I received a phone call today from Sam Romero, a longtime community leader who used to head up SANO, an organization of 13 Santa Ana Neighborhood Organizations. He has run a Catholic curio store called St. Teresa’s Gifts, in the historic 4th Street marketplace, in Santa Ana, for 35 years.
Romero wanted to talk about the Santa Ana PBID – an annual assessment that affects all the businesses in the downtown area. Romero, as it turns out, is one of the businessmen who spearheaded the effort to collect signatures asking the Santa Ana City Council to rescind the PBID.
I wrote a post about the uprising against the PBID a few days ago. In that post I identified Dr. Art Lomeli, a dentist in the downtown area, as one of the leaders of the PBID rebellion. Romero however said that Lomeli was late to jump on this issue. Both Romero and Lomeli supported failed Santa Ana mayoral candidate Alfredo Amezcua.
I told Romero that his support for Amezcua is going to make it tough for him to get much attention from City Hall. Santa Ana Mayor Miguel Pulido won easily in November – and he knows full well who opposed him. Romero said he goes way back with Pulido, having been there when Pulido was first elected. Romero said he pined for years for an all-Latino City Council. We have that Council now, but Romero, like Lomeli and Amezcua, has nothing good to say about them.
Romero helped Pulido’s family to save their muffler shop, which is now known as Ace Auto Care, many years ago, when the City Council at that time was trying to destroy it in the name of redevelopment. Romero admitted that Pulido has never forgotten that favor and that he has always been cordial to Romero and his fellow businessmen in the Fiesta Marketplace.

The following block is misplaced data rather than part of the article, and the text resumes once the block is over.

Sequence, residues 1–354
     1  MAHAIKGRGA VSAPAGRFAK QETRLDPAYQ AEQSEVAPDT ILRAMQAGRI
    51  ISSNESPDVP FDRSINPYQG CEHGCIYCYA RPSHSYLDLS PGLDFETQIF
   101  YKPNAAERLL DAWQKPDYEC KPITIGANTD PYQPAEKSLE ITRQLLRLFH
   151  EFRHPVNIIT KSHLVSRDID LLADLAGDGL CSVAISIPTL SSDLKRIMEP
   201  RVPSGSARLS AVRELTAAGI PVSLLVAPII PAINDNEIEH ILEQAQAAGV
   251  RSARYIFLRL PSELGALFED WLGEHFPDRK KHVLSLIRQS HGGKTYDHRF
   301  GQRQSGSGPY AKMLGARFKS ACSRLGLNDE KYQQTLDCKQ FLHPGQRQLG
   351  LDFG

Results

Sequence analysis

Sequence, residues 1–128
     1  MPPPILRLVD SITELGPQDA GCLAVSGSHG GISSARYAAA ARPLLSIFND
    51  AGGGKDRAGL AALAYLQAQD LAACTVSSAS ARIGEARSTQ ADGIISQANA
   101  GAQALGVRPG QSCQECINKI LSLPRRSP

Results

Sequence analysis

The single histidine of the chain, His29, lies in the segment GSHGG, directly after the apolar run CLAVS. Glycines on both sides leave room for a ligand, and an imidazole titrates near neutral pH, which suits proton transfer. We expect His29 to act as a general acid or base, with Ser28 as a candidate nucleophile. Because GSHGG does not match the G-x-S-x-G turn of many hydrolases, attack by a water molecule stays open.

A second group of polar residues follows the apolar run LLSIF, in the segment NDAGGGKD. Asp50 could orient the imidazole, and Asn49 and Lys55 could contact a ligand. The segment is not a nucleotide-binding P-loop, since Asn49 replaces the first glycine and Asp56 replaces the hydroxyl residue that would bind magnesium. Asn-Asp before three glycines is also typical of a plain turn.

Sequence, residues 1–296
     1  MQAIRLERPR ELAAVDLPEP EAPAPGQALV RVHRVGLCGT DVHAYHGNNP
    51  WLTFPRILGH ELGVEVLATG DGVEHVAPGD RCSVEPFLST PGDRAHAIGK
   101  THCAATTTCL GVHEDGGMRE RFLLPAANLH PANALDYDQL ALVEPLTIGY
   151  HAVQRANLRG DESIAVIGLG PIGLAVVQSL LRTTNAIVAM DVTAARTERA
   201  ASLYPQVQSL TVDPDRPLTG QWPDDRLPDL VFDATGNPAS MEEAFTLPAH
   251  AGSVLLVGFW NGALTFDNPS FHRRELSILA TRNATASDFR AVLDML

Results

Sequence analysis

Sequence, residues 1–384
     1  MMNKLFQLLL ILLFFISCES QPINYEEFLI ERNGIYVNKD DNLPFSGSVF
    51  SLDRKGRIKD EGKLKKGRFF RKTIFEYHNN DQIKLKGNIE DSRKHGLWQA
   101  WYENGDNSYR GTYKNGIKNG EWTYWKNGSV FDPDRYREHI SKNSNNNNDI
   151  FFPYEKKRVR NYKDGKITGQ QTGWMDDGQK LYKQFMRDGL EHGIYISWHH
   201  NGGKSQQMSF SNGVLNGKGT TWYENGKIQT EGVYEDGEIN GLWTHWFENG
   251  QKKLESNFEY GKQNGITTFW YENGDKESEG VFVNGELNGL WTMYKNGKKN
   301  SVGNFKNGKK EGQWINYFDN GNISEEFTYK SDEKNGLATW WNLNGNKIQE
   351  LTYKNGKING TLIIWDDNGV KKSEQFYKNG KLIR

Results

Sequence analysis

The problem for Romero is that now he is watching his friends go out of business, and he is not happy about that at all. He blames the PBID, which drains thousands of dollars from every business in the area. The problem, says Romero, is that he and his associates get no benefit from the PBID, which is managed by Downtown, Inc., a non-profit marketing association.
Romero points to the recent Downtown Santa Ana Christmas Event, which he said ran from 4 pm to 10 pm. Most of the shops in the Fiesta Marketplace closed at 5 pm that day. “This only benefited the restaurants in the Artists Village,” said Romero.
Romero says that the businesses in the Fiesta Marketplace also have their own assessment, which amounts to a nickel per square foot. They use that money to promote their shopping area. Romero claims that he and his fellow businessmen started the annual Santa Ana Cinco de Mayo event, “but the city took it away from us.”
The Cinco de Mayo event is still held in the 4th St. area. Pulido met with the merchants in that area this year, in advance of the event, as was widely reported in the local Spanish language newspapers. (See a picture of that meeting above this paragraph).
Romero said the City of Santa Ana also took the annual Noche de Altares (Day of the Dead) event away from them. It was a huge event this year – over by the Artists Village.